Pete Nunez (@nunez.the.barber) is one of the most popular barbers on social media, but becoming a master of hair wasn’t always in sight for him.
Born in 1984 in Pampanga, Philippines, Pete lived a humble childhood. He relocated with his mum when he was 13, knowing no English and without experience of the western world.
“It was a big culture shock and it was pretty alienating,” explains Pete, “but what choice do you have but to just get on and survive. It taught me that if you’re willing to put the effort in you’ll get there in the end.”
After realising he was on the wrong career path, working as a labourer on a building site in Lowestoft, Pete realised he had an interest and passion for hair.
“My interest started originally when I was out of work and needed my two boys, Cruz and Noah, to get haircuts but I had no money,” he recalls. “I somehow managed to find some clippers at a car boot sale for £5 and I had a go myself.” Pete’s family, friends and neighbours soon noticed the children’s fresh haircuts and started asking for recommendations on where to send their children and husbands. Pete saw an opportunity.
After spending hours on YouTube watching Nomad Barber, he started to understand the fundamentals and was able to routinely follow a haircut. Once he had the taste for cutting hair, mixed with positive feedback, he knew he was on to a winner.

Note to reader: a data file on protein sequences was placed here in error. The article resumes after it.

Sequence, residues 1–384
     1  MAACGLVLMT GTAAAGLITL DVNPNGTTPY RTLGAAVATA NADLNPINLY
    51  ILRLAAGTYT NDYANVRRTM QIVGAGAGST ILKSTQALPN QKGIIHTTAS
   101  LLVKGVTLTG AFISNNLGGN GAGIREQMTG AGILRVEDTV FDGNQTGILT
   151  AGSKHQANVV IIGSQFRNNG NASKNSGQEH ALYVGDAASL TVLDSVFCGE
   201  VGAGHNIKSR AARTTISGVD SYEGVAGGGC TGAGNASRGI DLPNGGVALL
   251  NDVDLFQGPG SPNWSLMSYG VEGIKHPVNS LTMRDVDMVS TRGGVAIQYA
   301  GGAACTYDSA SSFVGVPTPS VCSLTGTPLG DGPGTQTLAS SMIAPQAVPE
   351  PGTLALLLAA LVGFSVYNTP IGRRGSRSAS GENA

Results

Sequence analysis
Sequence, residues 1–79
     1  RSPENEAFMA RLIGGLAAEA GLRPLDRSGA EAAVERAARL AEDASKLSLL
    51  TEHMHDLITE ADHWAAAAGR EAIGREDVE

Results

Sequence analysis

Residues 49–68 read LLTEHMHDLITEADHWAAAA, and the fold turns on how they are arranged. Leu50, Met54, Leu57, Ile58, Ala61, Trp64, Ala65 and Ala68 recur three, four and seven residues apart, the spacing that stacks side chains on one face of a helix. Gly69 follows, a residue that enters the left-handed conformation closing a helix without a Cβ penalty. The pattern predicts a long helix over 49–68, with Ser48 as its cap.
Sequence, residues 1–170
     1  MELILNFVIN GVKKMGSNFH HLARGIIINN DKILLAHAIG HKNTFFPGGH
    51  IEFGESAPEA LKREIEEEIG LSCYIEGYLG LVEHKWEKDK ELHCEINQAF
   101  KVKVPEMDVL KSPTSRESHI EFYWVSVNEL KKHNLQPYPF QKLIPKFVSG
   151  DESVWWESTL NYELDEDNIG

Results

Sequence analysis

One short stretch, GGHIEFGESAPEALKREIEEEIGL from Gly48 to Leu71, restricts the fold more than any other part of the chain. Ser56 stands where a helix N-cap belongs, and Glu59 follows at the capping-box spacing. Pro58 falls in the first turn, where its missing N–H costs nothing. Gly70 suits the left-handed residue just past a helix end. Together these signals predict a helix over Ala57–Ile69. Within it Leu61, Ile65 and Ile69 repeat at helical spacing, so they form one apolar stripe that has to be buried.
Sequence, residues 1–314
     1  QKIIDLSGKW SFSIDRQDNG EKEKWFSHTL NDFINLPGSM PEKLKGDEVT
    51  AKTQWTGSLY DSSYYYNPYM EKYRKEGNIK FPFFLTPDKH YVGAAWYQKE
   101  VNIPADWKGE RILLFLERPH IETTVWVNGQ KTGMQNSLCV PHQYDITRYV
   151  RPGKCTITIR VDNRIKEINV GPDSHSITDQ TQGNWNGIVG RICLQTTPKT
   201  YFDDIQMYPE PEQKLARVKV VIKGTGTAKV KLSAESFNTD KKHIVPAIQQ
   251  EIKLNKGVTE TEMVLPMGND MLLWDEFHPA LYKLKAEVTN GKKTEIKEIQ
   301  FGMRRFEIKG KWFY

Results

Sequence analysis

BUILDING SITE BARBERSHOP
“I was already regularly cutting people’s hair out of the backroom of my house, but it was important to me to make it legit and to really nail the fundamentals of hairdressing,” he remarks, “so I enrolled onto a hairdressing course in the evenings.”
Slinging bricks and plasterboard by day, by night Pete would be knuckling down as a student to secure his future in the hair industry. He would regularly skip a lunch break and create an impromptu barbershop on the building site, just to gain further experience and secure future clients.
Knowing where this journey was heading, he started visiting local barbershops to enquire about apprenticeships but he came up short, with no offers on the table. With stubborn determination, as he qualified from his course, he borrowed some money and opened his own shop; if other people didn’t offer an opportunity, Pete was going to create his own.
JUST DO IT
“It was a risk but my journey to becoming a barber had relied on me putting myself out there, so I had developed a customer base and was becoming more known in the area for my approach to cutting and how I styled hair,” Pete says. “This meant my confidence had grown and I had such a clear vision, not only of how I wanted to cut hair but the environment I wanted to work in. Really, I just knew I had to do it for myself!”
Although he had drummed up a base of loyal supporters, he kept hearing mumblings that he would never amount to anything. Instead of allowing this to slow him down, he felt more motivated and moved forward with opening his own shop.
“IF YOU’RE WILLING TO PUT THE EFFORT IN, YOU’LL GET THERE IN THE END.”
“Ultimately, I wanted to do better for my kids, I’m a single dad and want to provide more and set an example that with hard work, grit and determination you can do something you love and also get paid!”